On the way to the mountain region, I saw many unbelievably pretty forest flowers. But what I keep in my heart for good is the beauty of the teachers who are working here.
There was a wicked rumor that the teachers came up here just for a place in the government, and they would go home after a few years. I don’t believe so after seeing what they have done and what they are doing for the children. Without the love for teaching and for the children, no one can overcome the obstacles at this kind of place.
Are you willing to stay in these houses (if you could call them that) which are made from bamboo and canvas? They can.
Is anyone wondering: How warm does the bedroom above get when the cold winter wind arrives?
Don’t have enough toys and teaching tools for the children? Let’s see what the teachers at Pacheo Kindergarten have made.
It seems natural for them to take their own salary to spend for the students who are poorer than them. I wish my children could be students of such kind-hearted teachers. Maybe I am an old-fashioned woman when I keep thinking that learning how to be a kind man is far more important than learning knowledge.
During the trip, I concentrated on seeing how the children are taught and I was so surprised. The strongest impression about the students in mountain region, all the members of the trip agreed, was that they are so good, friendly and polite.
At the Suoigiang boarding elementary school, after I helped them put on new jackets, all of them politely said to me: “Thank you very much!” or “Thanks for your help!”
Standing in the Pacheo Kindergarten, if you closed your eyes, you would think that you were standing in a big kindergarten in Hanoi. The children talk and sing in the official Vietnamese language with very clear, lovely childish voices. Chattering, they read some long children poems before our surprised eyes. I don’t know whether the teachers wanted to show off the children with us: near to 40 babies from 2 classes (children of all ages are in a class) got out to play during the time we were there. They made a circle to play games and sing songs. I realized that they knew almost all of the up-to-date children songs.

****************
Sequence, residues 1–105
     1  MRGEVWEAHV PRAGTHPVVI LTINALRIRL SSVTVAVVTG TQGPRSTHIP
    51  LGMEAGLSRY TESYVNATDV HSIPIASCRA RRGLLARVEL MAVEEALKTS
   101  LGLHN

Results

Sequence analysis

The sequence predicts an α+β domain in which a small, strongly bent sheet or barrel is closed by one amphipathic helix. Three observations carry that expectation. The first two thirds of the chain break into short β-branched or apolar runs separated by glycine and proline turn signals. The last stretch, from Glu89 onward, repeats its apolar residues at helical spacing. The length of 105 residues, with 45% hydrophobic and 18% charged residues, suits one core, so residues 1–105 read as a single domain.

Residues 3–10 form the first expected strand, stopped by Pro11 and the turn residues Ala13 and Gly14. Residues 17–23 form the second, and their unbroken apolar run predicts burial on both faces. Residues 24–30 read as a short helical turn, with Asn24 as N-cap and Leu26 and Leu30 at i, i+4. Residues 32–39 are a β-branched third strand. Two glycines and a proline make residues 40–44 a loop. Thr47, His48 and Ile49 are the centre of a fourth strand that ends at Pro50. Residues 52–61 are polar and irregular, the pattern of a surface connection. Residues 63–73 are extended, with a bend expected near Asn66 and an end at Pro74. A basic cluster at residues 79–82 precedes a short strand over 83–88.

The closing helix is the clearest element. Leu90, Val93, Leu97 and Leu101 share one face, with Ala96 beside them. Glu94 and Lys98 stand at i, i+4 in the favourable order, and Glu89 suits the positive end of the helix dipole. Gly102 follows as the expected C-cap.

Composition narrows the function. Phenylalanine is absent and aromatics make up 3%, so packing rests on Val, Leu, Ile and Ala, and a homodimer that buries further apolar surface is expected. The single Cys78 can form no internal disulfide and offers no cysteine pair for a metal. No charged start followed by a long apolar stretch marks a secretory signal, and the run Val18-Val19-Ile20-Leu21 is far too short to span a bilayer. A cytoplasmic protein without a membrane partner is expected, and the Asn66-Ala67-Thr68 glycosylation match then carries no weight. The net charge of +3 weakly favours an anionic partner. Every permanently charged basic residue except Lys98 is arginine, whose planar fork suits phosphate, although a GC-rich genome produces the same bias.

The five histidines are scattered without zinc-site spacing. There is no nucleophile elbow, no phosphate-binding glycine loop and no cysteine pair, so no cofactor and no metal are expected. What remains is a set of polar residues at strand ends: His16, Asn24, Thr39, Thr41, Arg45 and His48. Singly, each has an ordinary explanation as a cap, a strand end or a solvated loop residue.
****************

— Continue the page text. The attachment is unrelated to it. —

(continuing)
A teacher said: “Let’s play a game!”, and all the little birdies cried: “Which game? Which game?”, as a way to start a new game. That’s the children’s nature. They don’t care about being hungry or lacking warm clothes, it’s most important to enjoy themselves and have a chance to play together.
When the children had their presents, the teachers put a small basket in the center of the circle and all the children automatically brought their cartons of milk and wrappers to put into the basket. Who dares to say that the people who live in the big cities are more civilized than these children?
At lunch time in Denthang Kindergarten, I was delighted to see the older children help the teachers bring bowls of rice to the younger ones. Nobody would start to eat until everybody had their own bowl. Then they all spoke in chorus: “Please have lunch with us.” Wow, the naïve voices are so adorable.
Thank you to the flowers on top of the mountains. You gave us back faith in the dedication of teachers. At least, your students who live in this distant region don’t lack one of the most precious things: the love of their teachers.
Could you imagine?